Ripple General Counsel Stu Alderoty is calling out the U.S. Securities and Exchange Commission (SEC) for what he sees as deliberately muddying crypto regulations.
In a new commentary published for Fortune, Alderoty discusses the ripple effects of a speech made by William Hinman in 2018.
At the time of the speech, Hinman served as the Director of Corporate Finance at the SEC. In the speech, Hinman claimed Ethereum (ETH) was not a security, which some view as a contradiction to previously laid out SEC guidelines.
In Alderoty’s latest remarks, the Ripple general counsel argues Hinman’s speech had tangible effects on the crypto markets, intended or not.
“Despite disclaimers that the speech was Hinman’s personal opinion and ‘not necessarily that of the Commission,’ the market took Hinman’s speech to heart. For Ripple, Hinman’s speech affirmed the conclusion that XRP – a cryptocurrency that exists on an open, permissionless, decentralized blockchain ledger – was a commodity and/or a virtual currency. Certainly not a security.
Ripple uses XRP in its products as a bridge to make cross-border payments faster, cheaper, and more transparent for its customers – and is one of many developing on the XRP ledger. Following Hinman’s speech, Ripple met several times with key officials at the SEC, believing that rational minds would all agree on XRP’s status as something other than a security.”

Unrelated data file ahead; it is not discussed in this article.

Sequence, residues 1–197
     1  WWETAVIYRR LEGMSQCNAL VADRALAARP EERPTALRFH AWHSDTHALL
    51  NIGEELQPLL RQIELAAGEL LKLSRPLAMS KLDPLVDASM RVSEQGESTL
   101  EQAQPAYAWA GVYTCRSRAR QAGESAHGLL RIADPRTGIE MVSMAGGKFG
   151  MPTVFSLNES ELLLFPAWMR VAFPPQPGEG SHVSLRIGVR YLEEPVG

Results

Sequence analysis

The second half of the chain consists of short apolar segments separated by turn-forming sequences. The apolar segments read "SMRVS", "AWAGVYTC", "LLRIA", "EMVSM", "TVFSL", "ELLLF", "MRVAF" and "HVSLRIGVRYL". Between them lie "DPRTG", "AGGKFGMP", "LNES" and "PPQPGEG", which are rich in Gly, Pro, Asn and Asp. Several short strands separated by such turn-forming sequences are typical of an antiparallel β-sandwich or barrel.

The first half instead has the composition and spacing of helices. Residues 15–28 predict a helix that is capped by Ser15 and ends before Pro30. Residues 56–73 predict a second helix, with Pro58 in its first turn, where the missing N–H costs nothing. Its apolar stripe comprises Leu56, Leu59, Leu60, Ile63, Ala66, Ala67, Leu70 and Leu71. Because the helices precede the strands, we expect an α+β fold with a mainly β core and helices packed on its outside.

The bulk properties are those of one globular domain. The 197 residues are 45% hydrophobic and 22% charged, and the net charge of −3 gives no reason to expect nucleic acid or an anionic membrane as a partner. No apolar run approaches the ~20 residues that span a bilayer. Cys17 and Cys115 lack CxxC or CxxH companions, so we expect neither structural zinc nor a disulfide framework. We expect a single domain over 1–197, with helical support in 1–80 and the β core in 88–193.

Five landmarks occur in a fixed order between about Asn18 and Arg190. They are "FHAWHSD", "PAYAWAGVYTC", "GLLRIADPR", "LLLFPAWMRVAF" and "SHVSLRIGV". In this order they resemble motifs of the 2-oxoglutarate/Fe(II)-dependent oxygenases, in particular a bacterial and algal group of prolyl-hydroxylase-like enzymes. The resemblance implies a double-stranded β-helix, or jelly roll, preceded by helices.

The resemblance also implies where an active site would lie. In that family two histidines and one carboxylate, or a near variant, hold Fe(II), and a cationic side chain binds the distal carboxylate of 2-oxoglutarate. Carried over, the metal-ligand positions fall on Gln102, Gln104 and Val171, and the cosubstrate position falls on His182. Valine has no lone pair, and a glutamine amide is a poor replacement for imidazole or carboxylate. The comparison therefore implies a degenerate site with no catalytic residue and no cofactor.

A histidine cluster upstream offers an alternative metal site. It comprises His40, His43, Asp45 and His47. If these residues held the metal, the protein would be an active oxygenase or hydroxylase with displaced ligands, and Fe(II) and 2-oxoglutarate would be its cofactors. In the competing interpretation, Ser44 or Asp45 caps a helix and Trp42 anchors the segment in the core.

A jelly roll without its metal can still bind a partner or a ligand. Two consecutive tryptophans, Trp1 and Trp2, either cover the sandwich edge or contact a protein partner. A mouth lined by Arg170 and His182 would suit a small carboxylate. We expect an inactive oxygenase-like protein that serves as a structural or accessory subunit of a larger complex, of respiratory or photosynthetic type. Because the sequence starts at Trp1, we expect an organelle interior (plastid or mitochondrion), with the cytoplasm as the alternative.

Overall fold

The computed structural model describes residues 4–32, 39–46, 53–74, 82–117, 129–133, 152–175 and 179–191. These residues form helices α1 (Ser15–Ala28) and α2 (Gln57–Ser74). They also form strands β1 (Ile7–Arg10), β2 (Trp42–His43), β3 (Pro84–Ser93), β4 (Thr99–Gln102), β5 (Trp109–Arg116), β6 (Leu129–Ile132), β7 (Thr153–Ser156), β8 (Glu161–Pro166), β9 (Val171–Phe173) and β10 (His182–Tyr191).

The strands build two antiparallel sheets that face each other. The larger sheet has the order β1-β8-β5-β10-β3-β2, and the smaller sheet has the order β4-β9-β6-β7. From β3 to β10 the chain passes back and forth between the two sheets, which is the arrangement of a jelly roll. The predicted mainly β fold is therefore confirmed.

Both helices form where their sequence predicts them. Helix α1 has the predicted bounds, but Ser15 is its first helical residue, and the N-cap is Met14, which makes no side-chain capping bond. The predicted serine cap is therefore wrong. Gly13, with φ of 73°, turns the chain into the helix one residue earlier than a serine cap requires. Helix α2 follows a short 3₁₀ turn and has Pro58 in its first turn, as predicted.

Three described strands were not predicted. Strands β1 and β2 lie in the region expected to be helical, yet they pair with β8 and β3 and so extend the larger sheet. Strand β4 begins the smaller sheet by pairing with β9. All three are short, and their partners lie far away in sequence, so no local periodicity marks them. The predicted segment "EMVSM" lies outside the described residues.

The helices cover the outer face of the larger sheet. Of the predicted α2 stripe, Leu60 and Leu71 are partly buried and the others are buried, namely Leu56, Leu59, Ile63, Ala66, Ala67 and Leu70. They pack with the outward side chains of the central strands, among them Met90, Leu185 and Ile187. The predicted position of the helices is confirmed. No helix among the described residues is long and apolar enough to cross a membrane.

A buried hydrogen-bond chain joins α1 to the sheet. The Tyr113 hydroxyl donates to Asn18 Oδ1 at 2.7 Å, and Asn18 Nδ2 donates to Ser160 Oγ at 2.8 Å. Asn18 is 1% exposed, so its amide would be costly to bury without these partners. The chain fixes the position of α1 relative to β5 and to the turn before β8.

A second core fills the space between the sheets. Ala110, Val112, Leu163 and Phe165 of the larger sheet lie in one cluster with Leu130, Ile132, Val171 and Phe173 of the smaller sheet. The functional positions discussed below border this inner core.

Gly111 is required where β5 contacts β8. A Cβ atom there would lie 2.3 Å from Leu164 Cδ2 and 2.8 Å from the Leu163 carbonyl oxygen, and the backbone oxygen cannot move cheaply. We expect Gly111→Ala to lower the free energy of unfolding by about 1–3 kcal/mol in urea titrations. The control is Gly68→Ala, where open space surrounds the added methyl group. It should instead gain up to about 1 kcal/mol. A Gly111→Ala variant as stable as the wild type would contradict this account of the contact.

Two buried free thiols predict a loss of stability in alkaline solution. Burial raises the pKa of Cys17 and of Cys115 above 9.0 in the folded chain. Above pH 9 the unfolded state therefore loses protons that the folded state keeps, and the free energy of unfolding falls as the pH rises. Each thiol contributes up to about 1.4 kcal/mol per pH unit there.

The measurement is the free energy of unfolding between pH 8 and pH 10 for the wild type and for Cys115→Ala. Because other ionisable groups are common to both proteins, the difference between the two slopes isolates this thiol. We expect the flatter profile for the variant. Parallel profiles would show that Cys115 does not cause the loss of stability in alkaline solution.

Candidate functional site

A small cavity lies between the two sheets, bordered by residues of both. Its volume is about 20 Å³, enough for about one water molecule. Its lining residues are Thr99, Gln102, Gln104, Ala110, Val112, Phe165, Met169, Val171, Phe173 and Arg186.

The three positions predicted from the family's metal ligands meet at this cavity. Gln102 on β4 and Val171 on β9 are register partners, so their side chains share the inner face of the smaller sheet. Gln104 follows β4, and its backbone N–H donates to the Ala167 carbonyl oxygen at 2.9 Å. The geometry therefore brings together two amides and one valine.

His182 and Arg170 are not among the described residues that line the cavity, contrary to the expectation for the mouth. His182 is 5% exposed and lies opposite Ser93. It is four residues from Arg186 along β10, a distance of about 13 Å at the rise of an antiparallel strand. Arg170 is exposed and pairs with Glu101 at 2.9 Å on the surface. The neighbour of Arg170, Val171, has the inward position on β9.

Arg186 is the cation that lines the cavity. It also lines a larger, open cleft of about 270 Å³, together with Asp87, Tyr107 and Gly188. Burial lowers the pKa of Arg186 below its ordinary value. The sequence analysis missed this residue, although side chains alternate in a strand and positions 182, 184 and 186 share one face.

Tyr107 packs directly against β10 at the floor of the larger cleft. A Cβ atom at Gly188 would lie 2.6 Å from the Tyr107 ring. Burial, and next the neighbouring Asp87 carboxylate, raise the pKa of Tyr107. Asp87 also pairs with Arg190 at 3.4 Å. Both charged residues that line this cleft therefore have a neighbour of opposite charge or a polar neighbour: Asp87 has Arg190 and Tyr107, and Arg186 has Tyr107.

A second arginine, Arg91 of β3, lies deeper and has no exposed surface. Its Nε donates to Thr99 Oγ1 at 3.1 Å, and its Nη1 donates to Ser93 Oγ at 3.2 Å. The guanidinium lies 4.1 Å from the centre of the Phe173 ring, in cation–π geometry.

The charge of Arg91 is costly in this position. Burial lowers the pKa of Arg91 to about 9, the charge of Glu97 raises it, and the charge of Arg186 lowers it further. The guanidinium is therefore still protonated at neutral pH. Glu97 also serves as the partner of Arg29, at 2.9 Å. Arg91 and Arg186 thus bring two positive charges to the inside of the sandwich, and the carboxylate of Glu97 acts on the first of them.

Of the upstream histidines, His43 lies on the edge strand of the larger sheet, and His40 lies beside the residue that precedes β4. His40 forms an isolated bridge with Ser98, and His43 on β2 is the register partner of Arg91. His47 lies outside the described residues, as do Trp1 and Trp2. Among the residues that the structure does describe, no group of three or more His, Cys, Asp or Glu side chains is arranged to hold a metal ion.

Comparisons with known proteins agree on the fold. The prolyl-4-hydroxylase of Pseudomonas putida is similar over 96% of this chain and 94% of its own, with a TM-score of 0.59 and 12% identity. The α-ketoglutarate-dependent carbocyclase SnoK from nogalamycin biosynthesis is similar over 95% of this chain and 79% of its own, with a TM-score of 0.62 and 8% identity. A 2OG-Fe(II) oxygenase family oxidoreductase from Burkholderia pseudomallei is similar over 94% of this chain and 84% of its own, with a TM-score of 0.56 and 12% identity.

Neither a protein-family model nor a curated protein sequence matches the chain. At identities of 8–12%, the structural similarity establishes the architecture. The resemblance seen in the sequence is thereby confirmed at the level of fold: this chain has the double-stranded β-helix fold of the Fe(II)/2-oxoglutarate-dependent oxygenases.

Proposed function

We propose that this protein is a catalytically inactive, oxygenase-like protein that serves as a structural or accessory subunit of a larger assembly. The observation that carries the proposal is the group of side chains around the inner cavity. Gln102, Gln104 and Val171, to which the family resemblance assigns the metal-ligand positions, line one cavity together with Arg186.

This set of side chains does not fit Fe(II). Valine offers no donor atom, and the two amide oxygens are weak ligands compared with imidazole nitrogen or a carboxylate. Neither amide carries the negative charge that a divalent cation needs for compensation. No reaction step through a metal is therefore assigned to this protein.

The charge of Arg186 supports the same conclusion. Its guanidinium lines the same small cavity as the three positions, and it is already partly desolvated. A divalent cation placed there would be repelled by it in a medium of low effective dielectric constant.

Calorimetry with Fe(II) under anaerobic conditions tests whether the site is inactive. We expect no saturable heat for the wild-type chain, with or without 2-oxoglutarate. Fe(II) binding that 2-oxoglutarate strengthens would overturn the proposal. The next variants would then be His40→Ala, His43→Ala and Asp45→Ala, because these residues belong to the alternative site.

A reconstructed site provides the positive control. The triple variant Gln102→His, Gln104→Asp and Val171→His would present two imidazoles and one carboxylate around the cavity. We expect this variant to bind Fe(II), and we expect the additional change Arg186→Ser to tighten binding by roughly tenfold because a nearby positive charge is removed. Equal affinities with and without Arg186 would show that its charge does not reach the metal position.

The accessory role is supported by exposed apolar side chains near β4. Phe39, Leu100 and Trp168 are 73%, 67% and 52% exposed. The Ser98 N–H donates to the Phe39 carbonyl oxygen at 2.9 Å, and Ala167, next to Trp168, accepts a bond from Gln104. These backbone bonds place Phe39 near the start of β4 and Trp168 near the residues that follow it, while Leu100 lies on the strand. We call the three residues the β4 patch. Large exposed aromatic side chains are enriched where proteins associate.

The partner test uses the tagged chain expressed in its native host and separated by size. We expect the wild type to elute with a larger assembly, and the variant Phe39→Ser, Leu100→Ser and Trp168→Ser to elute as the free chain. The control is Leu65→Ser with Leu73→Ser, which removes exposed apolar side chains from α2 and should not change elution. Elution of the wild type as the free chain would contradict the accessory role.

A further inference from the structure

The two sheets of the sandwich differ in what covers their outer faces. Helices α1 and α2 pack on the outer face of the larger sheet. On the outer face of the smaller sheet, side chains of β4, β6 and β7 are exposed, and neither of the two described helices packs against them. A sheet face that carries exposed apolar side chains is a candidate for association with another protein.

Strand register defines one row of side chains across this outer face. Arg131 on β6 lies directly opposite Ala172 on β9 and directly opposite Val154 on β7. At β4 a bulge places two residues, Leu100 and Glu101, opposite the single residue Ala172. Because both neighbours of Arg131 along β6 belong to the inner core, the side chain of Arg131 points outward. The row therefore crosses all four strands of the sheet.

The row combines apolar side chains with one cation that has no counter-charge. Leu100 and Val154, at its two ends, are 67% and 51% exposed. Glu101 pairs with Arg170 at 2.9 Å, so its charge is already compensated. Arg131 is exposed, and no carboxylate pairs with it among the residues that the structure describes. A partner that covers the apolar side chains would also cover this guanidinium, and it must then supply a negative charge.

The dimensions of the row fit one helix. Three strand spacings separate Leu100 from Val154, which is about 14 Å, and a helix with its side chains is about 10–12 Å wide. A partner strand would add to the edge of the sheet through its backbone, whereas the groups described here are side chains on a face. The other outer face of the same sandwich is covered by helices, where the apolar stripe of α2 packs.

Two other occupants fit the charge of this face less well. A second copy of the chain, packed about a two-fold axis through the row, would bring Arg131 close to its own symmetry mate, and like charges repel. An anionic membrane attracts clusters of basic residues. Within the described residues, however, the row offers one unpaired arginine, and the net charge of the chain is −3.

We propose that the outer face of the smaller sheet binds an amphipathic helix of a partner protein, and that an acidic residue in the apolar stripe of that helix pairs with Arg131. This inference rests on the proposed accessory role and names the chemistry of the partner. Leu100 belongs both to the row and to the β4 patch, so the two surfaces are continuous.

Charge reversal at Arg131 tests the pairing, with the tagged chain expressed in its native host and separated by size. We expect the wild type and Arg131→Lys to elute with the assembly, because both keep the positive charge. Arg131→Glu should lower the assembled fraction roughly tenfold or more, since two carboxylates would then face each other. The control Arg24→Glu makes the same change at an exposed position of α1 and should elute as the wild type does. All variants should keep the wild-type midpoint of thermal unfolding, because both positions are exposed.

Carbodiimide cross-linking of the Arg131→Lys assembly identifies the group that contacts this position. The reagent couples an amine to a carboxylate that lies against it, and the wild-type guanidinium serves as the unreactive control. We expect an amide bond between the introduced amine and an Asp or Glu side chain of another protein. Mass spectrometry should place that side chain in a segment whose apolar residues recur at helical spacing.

Until recently, the ruling judge in the SEC lawsuit against Ripple considered Hinman’s speech personal opinion. However, as noted by crypto legal expert Jeremy Hogan, the SEC’s attorneys recently argued the purpose of the speech was to provide market guidance on how the Commission would treat digital assets.
“Now we know Judge Netburn has already ruled that, at least for discovery purposes, Hinman’s speech was his personal opinion. So the SEC can now argue it’s not relevant to anything, and that’s fine, but we know that now hurts the SEC in those discovery motions, so there was a trade-off there. But the SEC attorney was trying really hard today in arguing various positions in order to try to win this motion, which was probably not really possible to even win…
The judge asked, ‘Is the SEC taking the position now that the speech reflected the Division of Corporate Finance’s position?’ And the SEC attorney said ‘Yes.’ Now she tried to equivocate a little bit after that, but the first and the direct answer was ‘Yes.’”